99....98...97.., is a down counter that replaces the usual calendar of university graduating students. The counter stopping at zero bring the official recognition of achievement student got after 16+ years effort. There is a wide spread culture of celebrating the 100-day count down to graduation in higher education institutions across the world. According to different studies conducted by Psychologists, graduating students, in these days go through mind processes to join broader society more than any time in their life at school.
The ways of celebration and to do lists of things are different from continent to continent, and context to context. But there are some common things graduates do in 100-day countdown to graduation which include T-shirt Day, Graduating Classes (GC) football competition, trips to natural and man made sites and dinner events. In this article, I have discussed with some of the graduating students in Ethiopian universities on how they are going to spend the last days and what they are thinking about the life after school.
Ashagre Abayneh is a graduating student of Meteorology at Arbaminch University, some 500 kilometers south to Addis Ababa. Speaking about the last day he is having, he said: " We officially celebrated the 100 day countdown before two weeks. On the day we have listed out activities to do in the remaining days. We will have trips to surrounding lakes, after everybody got his suit we will have dinner at the downtown. And most importantly, graduates are concerned about the real life they will start after graduation. Therefore, we will have a guest speaking on how graduates passed the transition time after graduation and successfully entered the society."
Samuel Siferaw, graduating class student of Engineering at Bahir Dar University, mentioned that there is some thing going in his and his friends' mind as graduation draws close. "Life has been easy until these days. Today, even deciding a color of your suit is not something easier. The money you get this days are probably not less than to the money you have got in all previous years at the campus," he adds.
For Samuel, the most anxiety comes with repetitive visitation of firms looking for employee, as GC committee invite them following the schedules in the 100 days. The salary and places of operation are the major things among his long list of evaluations. "When you work in cities, you are always exposed to opportunities the life being harder. Even though life is very simple and you can save money in rural areas, you will be far from your families and important connections. I told you this, but everywhere I go or whatever am doing, my mind is full of thought about the future," he stressed.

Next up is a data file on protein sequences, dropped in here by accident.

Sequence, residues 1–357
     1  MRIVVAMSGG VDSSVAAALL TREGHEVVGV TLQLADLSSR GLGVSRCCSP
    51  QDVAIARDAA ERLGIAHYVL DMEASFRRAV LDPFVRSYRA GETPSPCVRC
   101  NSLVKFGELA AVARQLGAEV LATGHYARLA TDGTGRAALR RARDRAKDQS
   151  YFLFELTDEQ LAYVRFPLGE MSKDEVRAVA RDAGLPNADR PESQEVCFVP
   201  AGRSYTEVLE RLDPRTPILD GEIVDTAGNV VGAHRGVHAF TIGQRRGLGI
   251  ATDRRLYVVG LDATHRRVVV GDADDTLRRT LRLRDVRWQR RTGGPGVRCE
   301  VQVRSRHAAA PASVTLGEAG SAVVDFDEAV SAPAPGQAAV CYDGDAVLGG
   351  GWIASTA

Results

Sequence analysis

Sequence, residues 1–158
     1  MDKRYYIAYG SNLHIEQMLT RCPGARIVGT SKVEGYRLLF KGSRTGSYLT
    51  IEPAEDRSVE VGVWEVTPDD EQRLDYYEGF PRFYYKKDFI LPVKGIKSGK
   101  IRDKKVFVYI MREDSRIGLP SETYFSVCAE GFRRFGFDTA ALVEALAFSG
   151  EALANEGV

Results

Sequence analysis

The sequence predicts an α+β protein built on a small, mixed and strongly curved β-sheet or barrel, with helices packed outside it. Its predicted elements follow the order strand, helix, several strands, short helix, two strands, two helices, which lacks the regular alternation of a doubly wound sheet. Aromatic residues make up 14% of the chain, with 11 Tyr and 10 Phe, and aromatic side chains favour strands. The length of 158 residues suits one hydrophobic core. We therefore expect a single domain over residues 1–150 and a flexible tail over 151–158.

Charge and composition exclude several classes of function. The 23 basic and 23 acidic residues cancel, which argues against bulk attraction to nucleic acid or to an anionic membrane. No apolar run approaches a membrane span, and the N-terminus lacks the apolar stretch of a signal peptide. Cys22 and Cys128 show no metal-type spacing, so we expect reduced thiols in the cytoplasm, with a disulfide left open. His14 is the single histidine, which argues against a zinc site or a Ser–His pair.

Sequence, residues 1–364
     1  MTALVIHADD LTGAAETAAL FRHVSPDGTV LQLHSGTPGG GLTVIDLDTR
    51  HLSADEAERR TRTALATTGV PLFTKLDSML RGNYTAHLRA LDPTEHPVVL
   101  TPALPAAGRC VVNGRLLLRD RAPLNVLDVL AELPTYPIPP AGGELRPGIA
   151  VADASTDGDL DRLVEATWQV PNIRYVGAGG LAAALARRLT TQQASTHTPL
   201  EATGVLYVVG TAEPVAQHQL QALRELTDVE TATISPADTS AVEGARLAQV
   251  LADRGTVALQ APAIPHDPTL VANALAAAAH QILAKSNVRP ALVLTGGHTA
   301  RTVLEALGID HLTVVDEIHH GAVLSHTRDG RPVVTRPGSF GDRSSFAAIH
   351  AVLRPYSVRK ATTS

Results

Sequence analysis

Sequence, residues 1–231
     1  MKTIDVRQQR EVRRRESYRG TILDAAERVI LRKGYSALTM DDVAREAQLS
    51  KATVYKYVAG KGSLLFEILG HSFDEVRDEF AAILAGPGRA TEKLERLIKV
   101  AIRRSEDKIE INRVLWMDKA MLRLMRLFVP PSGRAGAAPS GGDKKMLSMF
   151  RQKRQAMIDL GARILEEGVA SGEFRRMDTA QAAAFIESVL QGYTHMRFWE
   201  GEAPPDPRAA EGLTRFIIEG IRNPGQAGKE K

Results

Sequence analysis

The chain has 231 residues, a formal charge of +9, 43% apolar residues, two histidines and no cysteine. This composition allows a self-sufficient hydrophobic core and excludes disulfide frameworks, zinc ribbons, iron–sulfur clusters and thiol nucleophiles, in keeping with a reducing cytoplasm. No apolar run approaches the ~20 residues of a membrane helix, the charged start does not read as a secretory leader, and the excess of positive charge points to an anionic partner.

Yosef Abraham and Abenezer Dawit, Candidates graduate of Political Science and International Relations at Addis Ababa University, believe that the stresses in the 100 days are the reflection of real life. According to them, in these days, the data analysis part of the final thesis is expected to be completed. On top of personal issues, the campus society's interactions reach their highest level and still there are regular classes.
"We are facing difficulty in managing all this at once. But, it is a good chance as we guess the coming life to be such a tough. But, let us be honest with you, the regular classes are so disgusting while looking other take photograph through window. About the future, we really do know that starting life from zero is not an easy task but we are not afraid. We do our parts, the rest belongs to God," they said.
The above discussions show that the 100 day count down brings some pressure in the deeper part of graduating students' heart side by side celebration with different activities. The universities has to consider such effects and increase the platforms whereby students acquire some training on the transition from a student life to the bigger community.
"Besides, I also believe in the need for frank discussions between parents and children about the future in a way parents encourage their children to not be haunted by anxiety."